This chapter is the heart of the book: it explains how to find your way to complete stances, what you may find there, and why they might be attractive enough to commit to them. The chapter is somewhat abstract, so the following ones explain how to apply this understanding in specific sorts of situations.
This page is outdated. The text below is from the first, 2007 draft of Meaningness. My understanding of the material has changed since then, and the style I write in too. Someday I would like to rewrite this; but I hope the 2007 version may be adequate for now.
A good question… Or is it?
If you look for answers—in books, on the web, from supposed experts—everyone will agree:
Mistaken ideas about meaningness inhibit creativity, constrict your life, and make you miserable. This book is meant as a practical manual for overcoming these confused stances, liberating you from their negative effects. It offers specific antidotes for particular confusions.
A “stance” is a pattern of thinking, feeling, and acting. Each of the three reinforces the others two, and helps maintain the stance.
Most methods in this book introduce conceptual understandings that change thinking. However, I’ll make some suggestions about working with feelings and actions too.
The main method is to become familiar with the thoughts, feelings, and patterns of activity characteristic of each confused stance, so that you notice them as they occur; and then choose to think, feel, and act differently. Simply remembering that there is a better alternative—a complete stance—is often most of the battle. However, it’s also necessary to understand how and why this alternative is better, and that can take some work. If the complete stances were obviously better, no one would adopt the confused ones.
This book is about meaningness. “Meaningness” is a word I invented, referring to the quality of being meaningful and/or meaningless.
The word “meaning” has two quite different meanings in English. It can refer to the meaning of symbols, such as words and road signs. This book is not about that kind of meaning.
People also speak of “the meaning of life.” That is the sort of meaningness this book is about. So I apply “meaningness” only to the sorts of things one could describe as “deeply meaningful” or “pretty meaningless.” The book is about matters such as purpose, ethics, and selfhood.
Meaningness is a quality, not a thing. I don’t think there is a definite meaning of life. Meaningness is always nebulous: indefinite, uncertain, ambiguous.
The suffix -ness constantly reminds one of this nebulosity. I mostly avoid the word “meaning,” because it builds in the assumption that something meaningful has one specific meaning. Often, that is wrong.
Two years ago, well into a mainly happy marriage, you began a secret affair.
The attraction was overwhelming. The sex was scalding. You loved with a passion you had never felt before.
Your lover—also married—understood parts of you that your spouse did not. You were able to be a different person. You explored aspects of your personality that you had never been able to express before. You made different sorts of jokes. You went on adventurous dates, trying things your spouse—who you knew was sweet but a bit dull when you got married—would never have agreed to do.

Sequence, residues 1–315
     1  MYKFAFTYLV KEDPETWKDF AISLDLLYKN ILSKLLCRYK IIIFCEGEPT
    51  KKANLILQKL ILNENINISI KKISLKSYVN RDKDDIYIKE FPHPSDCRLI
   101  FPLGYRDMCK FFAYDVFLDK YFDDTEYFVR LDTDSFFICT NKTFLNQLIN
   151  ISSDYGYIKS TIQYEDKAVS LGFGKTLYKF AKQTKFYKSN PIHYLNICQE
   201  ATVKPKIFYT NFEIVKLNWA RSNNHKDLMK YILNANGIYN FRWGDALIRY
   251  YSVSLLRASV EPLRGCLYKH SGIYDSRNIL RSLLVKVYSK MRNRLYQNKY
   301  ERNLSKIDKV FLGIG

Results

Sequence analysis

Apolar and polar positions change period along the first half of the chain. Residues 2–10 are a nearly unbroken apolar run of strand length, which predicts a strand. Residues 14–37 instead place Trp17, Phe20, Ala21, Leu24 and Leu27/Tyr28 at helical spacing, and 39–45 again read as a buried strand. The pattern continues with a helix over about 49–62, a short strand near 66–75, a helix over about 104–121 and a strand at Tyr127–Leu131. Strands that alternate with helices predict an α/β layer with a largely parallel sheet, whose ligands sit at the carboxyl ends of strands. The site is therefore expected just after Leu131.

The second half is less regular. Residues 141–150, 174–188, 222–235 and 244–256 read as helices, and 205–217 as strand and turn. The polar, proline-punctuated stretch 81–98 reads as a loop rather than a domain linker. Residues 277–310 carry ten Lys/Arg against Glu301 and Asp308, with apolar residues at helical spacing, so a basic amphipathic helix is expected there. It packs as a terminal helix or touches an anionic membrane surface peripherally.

After a year and a bit, the passion waned. Your secret meetings began to feel slightly repetitive. You found that your personalities would not be compatible in the long term. You wanted quite different things out of life.
It began to seem you were going through the motions. You had one meaningless fight about nothing. Then you discussed the future, and agreed to end the affair on good terms.
I feel a great disturbance in the Force, as if tens of millions of people suddenly started spouting nonsense. I fear something terrible has happened.
I could be wrong. I have no statistics. But in the past few years, suddenly I hear seemingly sensible people going about saying “ultimately, it’s all one, isn’t it?” and “when you find your true self, you find the whole universe,” and “all religions teach the same truth.”
Some think they are Christians, and seem unaware that these ideas directly contradict core principles of Christianity. Some think they are Buddhists, and believe these are Buddhist principles. They get indignant when I tell them that Buddhism says the opposite. Most are “spiritual but not religious,” or choose not to put themselves into any category.
Both these stances are wrong, factually. They are also unworkable, in their implications for living.
However, almost everyone falls into them at times, triggered by particular contexts. Each stance is based on genuine insights, and a powerful, emotionally appealing pattern of thinking. They also can seem to be the only possible alternatives, so we are forced into one by the repulsive qualities of the other.
Understanding the logic of eternalism and nihilism, and the resolution of the fundamental problem they address, is key to unlocking the material covered in this book. Because they are simple and extreme, the logic of these two stances is particularly clear. The other confused stances arise mainly as failing attempts to find some compromise between them.